A better understanding of the scale of domestic abuse during the pandemic

Pictured is a victim of domestic violence

The Office for National Statistics has been working to bring together data sources to provide the best understanding of the scale of domestic abuse, sexual offences and violence against women and girls. However, the impact of the pandemic on survey collection has meant a data gap in understanding the sheer prevalence of these crimes. The ONS has now published its first estimates of domestic abuse and sexual assault in two years. Meghan Elkin explains why a note of caution should be taken in interpreting these statistics.

Our figures show that 5.7% of adults aged 16 to 59 years experienced domestic abuse in the year ending March 2022, no significant change compared with the year ending March 2020 (6.1%).  In fact, there has been little change in the prevalence of domestic abuse in recent years, where it has remained around 6%. These numbers are noteworthy because they are the first we’ve been able to produce which give an insight into the scale of the crime during the pandemic.

In March 2020, the Crime Survey for England and Wales (CSEW) was suspended as the COVID pandemic prevented face-to-face interviewing from taking place. It was replaced by the Telephone-operated Crime Survey for England and Wales (TCSEW) which excluded questions on domestic abuse and sexual assault because of concerns around confidentiality and respondent safeguarding. And while during the pandemic we produced an article on the lasting impact of violence against women and girls, we were unable to update the prevalence figures until now.

Quality concerns

Given the key user need for these estimates, we returned to face-to-face interviewing in October 2021 to re-start collecting this data. We now have six months of data collection which enables us to publish some early headline estimates for domestic abuse and sexual assault. However, these estimates do not have accredited National Statistics status. As outlined in a letter to the Office for Statistics Regulation, we have suspended the Crime Survey’s National Statistics status due to quality concerns related to a shorter data collection period and lower response rate.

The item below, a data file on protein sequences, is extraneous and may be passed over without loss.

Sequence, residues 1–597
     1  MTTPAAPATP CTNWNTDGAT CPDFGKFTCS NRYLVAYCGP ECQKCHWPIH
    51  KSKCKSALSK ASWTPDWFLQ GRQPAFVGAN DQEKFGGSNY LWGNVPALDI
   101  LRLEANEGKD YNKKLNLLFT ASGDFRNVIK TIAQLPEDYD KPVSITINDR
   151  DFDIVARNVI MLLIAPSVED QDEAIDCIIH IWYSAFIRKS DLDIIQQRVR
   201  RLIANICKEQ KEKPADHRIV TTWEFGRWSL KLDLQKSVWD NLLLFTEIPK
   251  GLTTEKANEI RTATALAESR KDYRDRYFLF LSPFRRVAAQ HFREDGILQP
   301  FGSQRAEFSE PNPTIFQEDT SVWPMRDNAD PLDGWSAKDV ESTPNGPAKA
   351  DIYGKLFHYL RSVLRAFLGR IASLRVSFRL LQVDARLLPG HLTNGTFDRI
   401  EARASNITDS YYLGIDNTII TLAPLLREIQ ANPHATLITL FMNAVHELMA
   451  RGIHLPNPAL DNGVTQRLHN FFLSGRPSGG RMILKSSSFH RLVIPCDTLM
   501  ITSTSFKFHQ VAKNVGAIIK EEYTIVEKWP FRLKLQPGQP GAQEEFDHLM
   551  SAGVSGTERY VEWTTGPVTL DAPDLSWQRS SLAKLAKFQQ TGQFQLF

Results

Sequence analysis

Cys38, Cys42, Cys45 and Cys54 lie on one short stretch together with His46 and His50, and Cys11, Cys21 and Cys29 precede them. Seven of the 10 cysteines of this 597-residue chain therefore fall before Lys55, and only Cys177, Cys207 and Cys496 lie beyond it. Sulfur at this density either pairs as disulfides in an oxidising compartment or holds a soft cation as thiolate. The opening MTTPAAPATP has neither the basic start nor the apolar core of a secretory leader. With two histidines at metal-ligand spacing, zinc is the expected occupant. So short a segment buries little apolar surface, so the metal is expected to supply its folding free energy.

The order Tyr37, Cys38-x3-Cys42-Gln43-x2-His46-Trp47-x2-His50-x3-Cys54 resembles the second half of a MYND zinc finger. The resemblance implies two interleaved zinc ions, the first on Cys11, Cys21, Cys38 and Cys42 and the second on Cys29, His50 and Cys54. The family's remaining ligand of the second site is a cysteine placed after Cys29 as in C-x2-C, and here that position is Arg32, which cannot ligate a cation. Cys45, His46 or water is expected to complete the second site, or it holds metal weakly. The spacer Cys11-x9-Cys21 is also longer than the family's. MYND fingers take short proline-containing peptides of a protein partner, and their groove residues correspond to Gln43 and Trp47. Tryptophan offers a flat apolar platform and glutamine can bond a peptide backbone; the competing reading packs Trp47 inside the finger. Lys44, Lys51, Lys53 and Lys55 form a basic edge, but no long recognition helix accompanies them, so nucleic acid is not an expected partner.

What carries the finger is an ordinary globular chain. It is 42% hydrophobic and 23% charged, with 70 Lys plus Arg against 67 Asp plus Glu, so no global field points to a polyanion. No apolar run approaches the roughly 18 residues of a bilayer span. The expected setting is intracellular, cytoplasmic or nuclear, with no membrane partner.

In contrast to the crime survey figures outlined above, police recorded domestic abuse-related crimes have been increasing and charities saw increased demand during the pandemic. Rather than being indicative of an increase in the number of victims, this may reflect an increase in the severity of abuse being experienced, and a lack of available coping mechanisms due to government restrictions.

New data

The self-completion section of the CSEW was traditionally only asked of respondents aged 16 to 59 years as testing showed that self-completion acceptance declined as age increased.  Having previously increased the age limit to 74, when we returned to face-to-face interviewing in October, we removed the age cap on these sensitive topics completely. As a result, today’s release also includes our first estimates for the 16 and over population, which shows 5.0% have experienced domestic abuse in the last year.

We’ve also been able to include estimates of the prevalence of stalking. More detail will be available on domestic abuse and stalking in our November release.

Sexual offences

As well as domestic abuse, we’ve also included the first sexual assault figures from the CSEW since March 2020. They show that 2.7% of adults aged 16 to 59 years had experienced sexual assault (including attempted offences) in the year ending March 2022, no significant change compared with the year ending March 2020 (2.2%). The prevalence of sexual assault has remained between 2% and 3% since the year ending March 2016.

In contrast, police recorded sexual offences rose by 32% in the year ending March 22 to the highest annual figure recorded in England and Wales (194,683 offences). This included the highest recorded annual number of rape offences to date (70,330 offences). Caution is needed when interpreting these figures as they may reflect a number of factors including the impact of high-profile cases and campaigns on victims’ willingness to report incidents. We’re working to understand more about the increases in recorded crime and will be working with support services to see what additional data and information may be available.

Other crime types

For other crime types, the figures continue to be from the TCSEW. In our “Crime in England and Wales: year ending June 2022” release due to be published in October, we believe there will be sufficient data to publish these headline estimates from the face-to-face CSEW survey. These will be based on 9 months of data collection and will not be National Statistics.

You can read the full Crime in England and Wales: year ending March 2022 bulletin here and you can find out more about what we are doing at the Centre for Crime and Justice over the coming year in our progress update.

Meghan Elkin is the joint head of crime statistics at the ONS